Dissociative identity disorder (DID) is a disorder that was previously known as multiple personality disorder. It involves a person developing several separate personalities or identities. This disorder usually develops as a result of trauma or abuse, as a way to help protect the person from their trauma. These identities help them avoid having to reexperience their traumatic memories. Each identity that a person with DID has is distinguished by unique characteristics. The average number of identities is 10, but can range greatly. DID is a rare disorder and affects around 1.5% of people in the world. Many people who have this disorder have been misdiagnosed in the past. They typically receive their DID diagnosis after seeing several mental health professionals.
Have you been recently diagnosed with dissociative identity disorder? Are you hoping to find treatment from a licensed clinical therapist? If so, take a moment to learn more about DID and what it encompasses. You can also learn how licensed clinicians can benefit you.
What are the symptoms of dissociative identity disorder?
Here are some of the most common symptoms of DID:
- Switching to separate identities — Most people who have dissociative identity disorder report having at least two identities. These identities can take on different characteristics including unique names, voices, distinct personalities, and individual preferences. These separate identities may emerge during different emotional states.
- Feeling disoriented or disconnected from reality — It’s very common for people with dissociative identity disorder to experience disorientation. Someone with DID may report feeling separated from reality. They may also feel like the people around them aren’t real. Some people start to feel disconnected from their own identity.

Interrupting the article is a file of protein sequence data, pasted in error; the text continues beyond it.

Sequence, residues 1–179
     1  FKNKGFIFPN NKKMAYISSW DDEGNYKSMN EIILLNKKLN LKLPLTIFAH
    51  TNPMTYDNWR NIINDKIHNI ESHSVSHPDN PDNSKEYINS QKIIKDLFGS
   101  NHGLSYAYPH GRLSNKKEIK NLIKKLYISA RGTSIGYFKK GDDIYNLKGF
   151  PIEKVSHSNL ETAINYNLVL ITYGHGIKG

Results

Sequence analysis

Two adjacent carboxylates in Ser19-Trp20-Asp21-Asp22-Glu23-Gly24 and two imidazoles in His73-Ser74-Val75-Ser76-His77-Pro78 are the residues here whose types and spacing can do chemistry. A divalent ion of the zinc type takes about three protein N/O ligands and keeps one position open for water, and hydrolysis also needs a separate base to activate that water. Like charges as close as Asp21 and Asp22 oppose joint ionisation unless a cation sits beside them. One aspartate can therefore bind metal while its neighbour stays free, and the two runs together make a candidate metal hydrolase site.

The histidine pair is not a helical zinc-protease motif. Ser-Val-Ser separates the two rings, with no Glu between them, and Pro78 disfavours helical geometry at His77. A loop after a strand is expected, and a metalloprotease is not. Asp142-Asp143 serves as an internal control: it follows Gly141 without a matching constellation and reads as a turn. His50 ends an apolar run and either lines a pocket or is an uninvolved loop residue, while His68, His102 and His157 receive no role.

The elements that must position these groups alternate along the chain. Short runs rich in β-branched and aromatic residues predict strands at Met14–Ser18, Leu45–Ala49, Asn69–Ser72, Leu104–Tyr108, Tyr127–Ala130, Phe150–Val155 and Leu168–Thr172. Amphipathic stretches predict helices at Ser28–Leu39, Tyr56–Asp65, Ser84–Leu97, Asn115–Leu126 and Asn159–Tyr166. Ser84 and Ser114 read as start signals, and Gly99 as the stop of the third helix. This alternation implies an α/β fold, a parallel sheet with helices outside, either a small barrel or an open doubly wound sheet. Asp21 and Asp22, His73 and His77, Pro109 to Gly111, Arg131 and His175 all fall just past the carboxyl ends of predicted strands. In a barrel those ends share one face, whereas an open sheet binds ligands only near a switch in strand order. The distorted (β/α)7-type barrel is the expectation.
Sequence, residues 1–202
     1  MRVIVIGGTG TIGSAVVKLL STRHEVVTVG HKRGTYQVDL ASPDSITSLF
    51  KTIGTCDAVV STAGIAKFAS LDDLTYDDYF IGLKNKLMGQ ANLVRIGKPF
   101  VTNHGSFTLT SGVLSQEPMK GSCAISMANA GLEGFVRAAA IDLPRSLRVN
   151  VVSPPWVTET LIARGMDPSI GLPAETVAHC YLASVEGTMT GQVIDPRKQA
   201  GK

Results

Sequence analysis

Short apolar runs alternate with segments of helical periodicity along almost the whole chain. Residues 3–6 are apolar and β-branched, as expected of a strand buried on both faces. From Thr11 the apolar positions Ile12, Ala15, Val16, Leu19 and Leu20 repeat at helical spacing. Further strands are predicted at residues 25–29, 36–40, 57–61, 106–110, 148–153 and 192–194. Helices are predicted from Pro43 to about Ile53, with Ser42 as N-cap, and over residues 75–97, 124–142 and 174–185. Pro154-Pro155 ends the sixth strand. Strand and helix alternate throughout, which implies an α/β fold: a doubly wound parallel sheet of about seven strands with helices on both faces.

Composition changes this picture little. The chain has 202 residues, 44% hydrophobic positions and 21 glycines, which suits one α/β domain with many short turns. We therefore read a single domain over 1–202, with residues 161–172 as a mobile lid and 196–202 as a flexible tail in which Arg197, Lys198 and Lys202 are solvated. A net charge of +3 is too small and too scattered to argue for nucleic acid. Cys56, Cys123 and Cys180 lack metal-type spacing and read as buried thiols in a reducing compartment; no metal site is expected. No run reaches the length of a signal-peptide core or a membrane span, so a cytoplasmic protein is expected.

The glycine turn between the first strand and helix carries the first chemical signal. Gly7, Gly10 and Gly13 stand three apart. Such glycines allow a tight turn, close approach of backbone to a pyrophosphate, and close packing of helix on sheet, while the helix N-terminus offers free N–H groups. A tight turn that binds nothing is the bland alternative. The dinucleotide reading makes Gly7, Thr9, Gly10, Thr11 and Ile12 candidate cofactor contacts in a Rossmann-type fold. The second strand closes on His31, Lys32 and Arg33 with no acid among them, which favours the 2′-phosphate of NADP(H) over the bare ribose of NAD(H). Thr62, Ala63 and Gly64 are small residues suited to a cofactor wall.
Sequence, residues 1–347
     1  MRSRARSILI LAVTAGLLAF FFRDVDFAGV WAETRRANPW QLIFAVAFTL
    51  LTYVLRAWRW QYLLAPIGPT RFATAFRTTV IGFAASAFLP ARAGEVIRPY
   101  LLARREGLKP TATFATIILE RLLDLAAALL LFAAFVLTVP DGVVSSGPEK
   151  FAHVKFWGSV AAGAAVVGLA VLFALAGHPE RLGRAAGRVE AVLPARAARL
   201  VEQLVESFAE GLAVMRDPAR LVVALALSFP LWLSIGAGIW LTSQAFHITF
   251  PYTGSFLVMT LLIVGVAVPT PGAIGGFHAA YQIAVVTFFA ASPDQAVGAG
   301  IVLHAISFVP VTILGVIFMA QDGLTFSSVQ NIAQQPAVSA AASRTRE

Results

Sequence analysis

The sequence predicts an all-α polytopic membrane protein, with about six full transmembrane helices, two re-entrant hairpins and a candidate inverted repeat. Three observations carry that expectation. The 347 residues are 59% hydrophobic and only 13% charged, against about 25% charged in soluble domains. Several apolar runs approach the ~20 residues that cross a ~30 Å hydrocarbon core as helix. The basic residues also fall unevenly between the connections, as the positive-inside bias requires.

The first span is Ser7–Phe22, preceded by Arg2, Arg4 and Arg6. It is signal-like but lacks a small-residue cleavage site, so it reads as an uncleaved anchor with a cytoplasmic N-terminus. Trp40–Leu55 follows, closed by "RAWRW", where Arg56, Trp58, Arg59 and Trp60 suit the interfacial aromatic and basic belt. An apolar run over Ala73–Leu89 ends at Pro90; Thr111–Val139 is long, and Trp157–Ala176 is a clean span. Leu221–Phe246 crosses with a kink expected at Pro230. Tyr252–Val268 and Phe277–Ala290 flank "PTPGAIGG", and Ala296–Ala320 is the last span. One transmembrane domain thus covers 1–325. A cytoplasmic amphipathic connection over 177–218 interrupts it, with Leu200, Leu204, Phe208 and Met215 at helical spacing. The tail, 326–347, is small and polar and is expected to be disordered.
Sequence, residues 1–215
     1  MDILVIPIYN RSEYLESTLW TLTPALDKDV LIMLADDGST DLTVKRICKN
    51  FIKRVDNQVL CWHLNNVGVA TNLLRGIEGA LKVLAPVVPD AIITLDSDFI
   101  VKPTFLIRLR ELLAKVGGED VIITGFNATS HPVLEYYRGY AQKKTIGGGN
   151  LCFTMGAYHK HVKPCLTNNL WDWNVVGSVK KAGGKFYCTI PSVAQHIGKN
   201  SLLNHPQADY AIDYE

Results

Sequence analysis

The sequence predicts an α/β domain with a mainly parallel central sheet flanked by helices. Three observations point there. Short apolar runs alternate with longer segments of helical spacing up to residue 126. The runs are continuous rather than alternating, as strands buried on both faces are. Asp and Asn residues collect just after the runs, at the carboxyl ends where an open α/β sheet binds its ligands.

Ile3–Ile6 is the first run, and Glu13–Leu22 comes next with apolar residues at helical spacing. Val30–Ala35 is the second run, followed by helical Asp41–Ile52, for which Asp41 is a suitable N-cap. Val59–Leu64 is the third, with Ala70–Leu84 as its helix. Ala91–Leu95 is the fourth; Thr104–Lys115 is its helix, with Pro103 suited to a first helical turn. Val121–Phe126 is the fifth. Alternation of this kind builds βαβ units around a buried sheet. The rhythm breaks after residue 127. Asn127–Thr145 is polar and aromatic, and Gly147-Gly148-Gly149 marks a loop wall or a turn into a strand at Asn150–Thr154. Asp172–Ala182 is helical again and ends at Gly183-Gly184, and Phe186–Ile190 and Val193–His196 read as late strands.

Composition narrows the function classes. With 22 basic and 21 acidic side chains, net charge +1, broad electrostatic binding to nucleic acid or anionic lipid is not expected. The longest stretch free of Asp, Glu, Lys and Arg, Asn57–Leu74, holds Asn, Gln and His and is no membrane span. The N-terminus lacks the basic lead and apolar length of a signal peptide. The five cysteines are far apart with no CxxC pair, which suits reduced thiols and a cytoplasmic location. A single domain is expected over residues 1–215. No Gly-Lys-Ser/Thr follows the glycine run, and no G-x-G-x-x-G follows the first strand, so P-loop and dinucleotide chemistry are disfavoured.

- Having memory loss — Someone with dissociative identity disorder may report having little to no memory of past events. They might not remember certain times during their life. DID clients can also find it hard to remember certain events, people, and even information about themselves.
- Suicidality or self-harm — People with DID often report experiencing suicidality. Some experience self-harming tendencies. Thoughts of suicidality or self-harm may be a result of poor coping skills or overwhelming feelings.
What are some of the most common causes of dissociative identity disorder?
There are a few causes of dissociative identity disorder as understood by experts. Each of these factors may increase the odds of developing DID, or cause it directly. The most common causes of DID are as follows:
- Physical abuse during childhood
- Sexual abuse during childhood
- Experiencing the effects of a natural disaster
- Experiencing combat
What can a licensed clinical therapist do for someone who has dissociative identity disorder?
Getting treatment for dissociative identity disorder is essential. Help from a licensed clinical therapist can improve a person’s coping skills, reduce anxiety, and manage other symptoms. The most common form of treatment for someone with DID is psychotherapy. Evidence-based interventions for trauma-related disorders (like eye movement desensitization and reprocessing [EMDR] therapy) and medication can also help.
Lightfully can help you manage the symptoms of your dissociative identity disorder
Our mission at Lightfully is to provide high-quality mental health care to various types of clients. We believe in using a focused approach to process-based therapy. The framework of our clinic consists of evidence-based, clearly defined, data-driven and whole-person-centered care. We have experience working with various mental health disorders, including DID. That’s why we’re confident that we can help you manage your mental health disorder symptoms over time.
Lightfully offers multiple levels of care to both adults and teens: Residential Treatment, Intensive Outpatient Program (IOP), and Partial Hospitalization Program (PHP), also referred to as our Day Treatment Program. We also offer a Virtual Intensive Outpatient Program (vIOP) for adults. We’ll meet you where you are and will create a personalized treatment plan designed to prevent crises.
Change is possible. When you’re ready to take the first step, reach out to our Admissions Concierge Team. We’ll take the next steps together, toward the fullest, brightest version of you.